5 – 11 March ’11
Te Apiti Wind Farm
Construction of the wind farm on the Ruahine ranges began in 2003 and was completed within 12 months. The official opening, by the Prime Minister, the Rt Hon Helen Clark was held on 9 December 2004.
Read Meridian’s official blurb on the Te Apiti Wind Farm. Interestingly, on page 3 there’s a picture of our very own Fire Chief, Neil Alexander, taken at the commissioning of the van that Meridian funded for the Ashhurst Brigade.
There was a lot of controversy over the building of the wind farms on the hills above the Manawatu. People objected on the grounds of ecology and noise pollution, there was talk of a danger to aviation, and the possibility of bird strike. Some people just don’t like the way they look.
Personally, I love the turbines up there. I think they enhance the sky line, and they make excellent weather vanes. They have become a symbol of home. Whenever we return from a trip away – if you can see the ‘windmills’ you know you’re nearly there. I can see a few of the turbines from my kitchen and living room, and the view changes with the light and the weather.
The View from my Windows
This week’s post is a little later than usual due to a computer hiccup. My laptop has been at the doc’s a couple of times over the past week and a half, and has returned to me in the exact same state as when it left. In other words, slow as a wet week. The fault remains undiagnosed, and I’m unable to be upgraded to Windows7. I’m stuck with Vista 😦
So I struggle on…
I’d been lacking in inspiration this week. The weather at the weekend had not been conducive to photography, grey and rainy (this does not bode well for the blog through the winter months!). However the weather picked up once we all headed back to school and work – typical. Sitting outside one evening as the Lovely Man barbequed I noticed the light falling rather prettily on the wind turbines and the hills. An idea struck – the changing views of the hills from our place. Over the next couple of days I’ve taken shots under different conditions.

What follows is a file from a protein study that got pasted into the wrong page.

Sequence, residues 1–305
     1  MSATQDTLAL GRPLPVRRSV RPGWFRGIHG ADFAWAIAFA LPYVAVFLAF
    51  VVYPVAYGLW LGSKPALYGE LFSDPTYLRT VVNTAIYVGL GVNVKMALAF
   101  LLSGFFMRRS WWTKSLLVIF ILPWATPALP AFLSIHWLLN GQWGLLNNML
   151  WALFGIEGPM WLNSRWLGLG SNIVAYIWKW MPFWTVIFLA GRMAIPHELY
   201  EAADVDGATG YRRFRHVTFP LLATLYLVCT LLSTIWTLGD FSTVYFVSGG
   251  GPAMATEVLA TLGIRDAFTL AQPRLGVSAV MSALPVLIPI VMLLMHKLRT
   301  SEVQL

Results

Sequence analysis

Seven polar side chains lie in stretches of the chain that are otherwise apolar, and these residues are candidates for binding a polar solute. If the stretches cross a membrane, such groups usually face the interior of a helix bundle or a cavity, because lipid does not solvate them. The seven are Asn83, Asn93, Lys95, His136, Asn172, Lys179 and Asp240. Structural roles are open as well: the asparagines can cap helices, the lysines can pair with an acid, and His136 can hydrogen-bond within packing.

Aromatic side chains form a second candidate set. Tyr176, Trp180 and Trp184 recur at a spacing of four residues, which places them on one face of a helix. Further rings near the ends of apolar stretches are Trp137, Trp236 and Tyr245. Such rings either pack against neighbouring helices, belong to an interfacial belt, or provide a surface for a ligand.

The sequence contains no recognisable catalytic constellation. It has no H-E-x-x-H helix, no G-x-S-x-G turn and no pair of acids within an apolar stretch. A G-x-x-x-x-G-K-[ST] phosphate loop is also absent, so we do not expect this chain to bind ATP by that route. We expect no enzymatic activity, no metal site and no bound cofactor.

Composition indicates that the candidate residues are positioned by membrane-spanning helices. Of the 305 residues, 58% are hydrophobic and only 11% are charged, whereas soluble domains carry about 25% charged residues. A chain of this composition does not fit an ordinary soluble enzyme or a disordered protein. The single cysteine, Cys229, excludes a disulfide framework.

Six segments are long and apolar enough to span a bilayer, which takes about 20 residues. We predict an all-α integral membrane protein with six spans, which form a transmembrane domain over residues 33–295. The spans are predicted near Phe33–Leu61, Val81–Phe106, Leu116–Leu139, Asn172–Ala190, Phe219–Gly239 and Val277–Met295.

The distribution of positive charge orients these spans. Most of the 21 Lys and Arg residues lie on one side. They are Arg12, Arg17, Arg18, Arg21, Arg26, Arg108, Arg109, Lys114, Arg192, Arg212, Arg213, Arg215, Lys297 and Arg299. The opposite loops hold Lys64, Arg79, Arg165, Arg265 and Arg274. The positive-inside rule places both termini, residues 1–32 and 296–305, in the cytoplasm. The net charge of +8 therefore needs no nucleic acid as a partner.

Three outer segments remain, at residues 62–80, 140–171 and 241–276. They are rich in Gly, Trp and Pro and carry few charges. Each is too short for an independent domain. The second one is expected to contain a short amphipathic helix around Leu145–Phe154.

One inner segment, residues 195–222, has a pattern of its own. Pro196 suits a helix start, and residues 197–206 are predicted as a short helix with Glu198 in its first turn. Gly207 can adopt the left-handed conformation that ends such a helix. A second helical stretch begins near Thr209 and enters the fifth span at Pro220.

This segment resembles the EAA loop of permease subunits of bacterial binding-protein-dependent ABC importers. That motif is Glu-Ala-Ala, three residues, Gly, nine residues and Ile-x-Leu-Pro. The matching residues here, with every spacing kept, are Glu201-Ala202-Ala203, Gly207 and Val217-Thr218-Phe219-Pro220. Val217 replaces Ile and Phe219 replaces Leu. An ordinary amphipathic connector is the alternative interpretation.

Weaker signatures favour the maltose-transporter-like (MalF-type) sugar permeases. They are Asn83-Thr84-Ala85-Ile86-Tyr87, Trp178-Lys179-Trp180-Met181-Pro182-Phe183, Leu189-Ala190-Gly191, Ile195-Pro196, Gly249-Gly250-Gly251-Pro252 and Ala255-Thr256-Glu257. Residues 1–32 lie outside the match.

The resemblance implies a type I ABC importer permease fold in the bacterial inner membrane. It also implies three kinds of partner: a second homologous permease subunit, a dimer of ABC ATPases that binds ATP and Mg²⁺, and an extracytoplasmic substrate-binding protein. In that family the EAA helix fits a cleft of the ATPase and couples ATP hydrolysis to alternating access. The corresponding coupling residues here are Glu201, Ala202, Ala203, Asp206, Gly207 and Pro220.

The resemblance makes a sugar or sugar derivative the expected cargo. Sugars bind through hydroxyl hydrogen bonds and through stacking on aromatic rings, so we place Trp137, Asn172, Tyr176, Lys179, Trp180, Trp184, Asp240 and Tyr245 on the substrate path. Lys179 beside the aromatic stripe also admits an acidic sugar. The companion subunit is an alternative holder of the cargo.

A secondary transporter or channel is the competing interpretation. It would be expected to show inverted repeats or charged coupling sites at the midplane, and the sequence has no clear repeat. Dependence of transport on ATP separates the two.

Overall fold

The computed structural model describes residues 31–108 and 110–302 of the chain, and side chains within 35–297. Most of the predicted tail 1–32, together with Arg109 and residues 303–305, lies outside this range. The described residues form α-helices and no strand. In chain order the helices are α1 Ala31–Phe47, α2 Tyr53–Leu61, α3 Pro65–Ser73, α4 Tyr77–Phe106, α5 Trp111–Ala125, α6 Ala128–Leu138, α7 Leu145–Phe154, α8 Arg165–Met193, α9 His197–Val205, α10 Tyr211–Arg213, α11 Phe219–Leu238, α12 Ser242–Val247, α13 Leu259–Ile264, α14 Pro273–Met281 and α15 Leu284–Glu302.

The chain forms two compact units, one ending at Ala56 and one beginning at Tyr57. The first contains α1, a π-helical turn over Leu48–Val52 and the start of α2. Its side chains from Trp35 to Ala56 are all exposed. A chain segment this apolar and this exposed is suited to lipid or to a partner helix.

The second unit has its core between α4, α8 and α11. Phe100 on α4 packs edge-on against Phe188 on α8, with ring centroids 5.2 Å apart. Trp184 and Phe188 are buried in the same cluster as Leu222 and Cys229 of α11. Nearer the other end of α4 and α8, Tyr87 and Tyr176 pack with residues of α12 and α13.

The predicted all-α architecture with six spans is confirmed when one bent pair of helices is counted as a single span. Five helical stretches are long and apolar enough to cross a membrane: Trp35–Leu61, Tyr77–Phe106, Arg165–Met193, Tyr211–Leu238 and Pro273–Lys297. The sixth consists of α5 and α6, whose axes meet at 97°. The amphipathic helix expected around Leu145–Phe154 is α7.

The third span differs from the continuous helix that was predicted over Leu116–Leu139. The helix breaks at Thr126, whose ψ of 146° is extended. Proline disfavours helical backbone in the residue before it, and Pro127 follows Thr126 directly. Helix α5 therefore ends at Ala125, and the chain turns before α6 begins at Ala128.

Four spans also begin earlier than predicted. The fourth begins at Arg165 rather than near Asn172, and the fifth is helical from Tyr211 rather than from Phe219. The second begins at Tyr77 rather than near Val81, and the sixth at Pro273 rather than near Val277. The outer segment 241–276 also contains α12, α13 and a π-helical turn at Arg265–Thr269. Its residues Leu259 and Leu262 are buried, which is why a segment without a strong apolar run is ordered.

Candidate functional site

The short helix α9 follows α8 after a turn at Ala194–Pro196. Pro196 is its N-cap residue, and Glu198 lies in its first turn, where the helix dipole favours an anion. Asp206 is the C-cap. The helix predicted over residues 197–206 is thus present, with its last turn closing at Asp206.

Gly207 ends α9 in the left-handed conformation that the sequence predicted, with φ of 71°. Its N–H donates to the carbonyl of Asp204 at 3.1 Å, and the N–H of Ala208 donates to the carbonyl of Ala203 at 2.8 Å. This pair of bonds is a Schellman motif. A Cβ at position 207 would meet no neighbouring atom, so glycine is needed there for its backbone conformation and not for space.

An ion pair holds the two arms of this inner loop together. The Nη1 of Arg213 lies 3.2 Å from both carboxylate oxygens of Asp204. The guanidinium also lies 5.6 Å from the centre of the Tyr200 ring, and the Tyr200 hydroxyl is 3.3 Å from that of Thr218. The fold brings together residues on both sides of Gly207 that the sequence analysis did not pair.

These pictures are the result:-
Each shot has had a levels and sharpness tweaked.
From our drive way
Lowering clouds in the East provide a nice backdrop, with the late afternoon sun shining in from the West, creating bright white light on the turbines and the hill side. Our neighbour’s cabbage tree makes an interesting spikey counterpoint in the foreground. I do wonder if the shot would have been better had the tree also been in focus.Exif: F-stop f/5.6 Exp 1/160 sec ISO 200 Focal length 112mm
From my kitchen window
As the sun sinks lower the clouds turn pink and the tree becomes a silhouette.
For this shot I selected just the turbines, and used Curves to reduce the red of the sunset light, allowing the bright white to shine.Exif: F-stop f/5.3 Exp 1/100 sec ISO 200 Focal length 86mm
From the living room window
A misty morning, just after sunrise. This time the ever-present cabbage tree has some colour. And I’ve made a point of having both foreground and distant subject in focus by using a smaller aperture, allowing for greater depth of field. If I’d been a little quicker with my camera I would have had two black birds in the tree too. Oh well,’the one that got away’ is not only a fisherman’s story.Exif: F-stop f/9 Exp 1/160 sec ISO 200 Focal length 50mm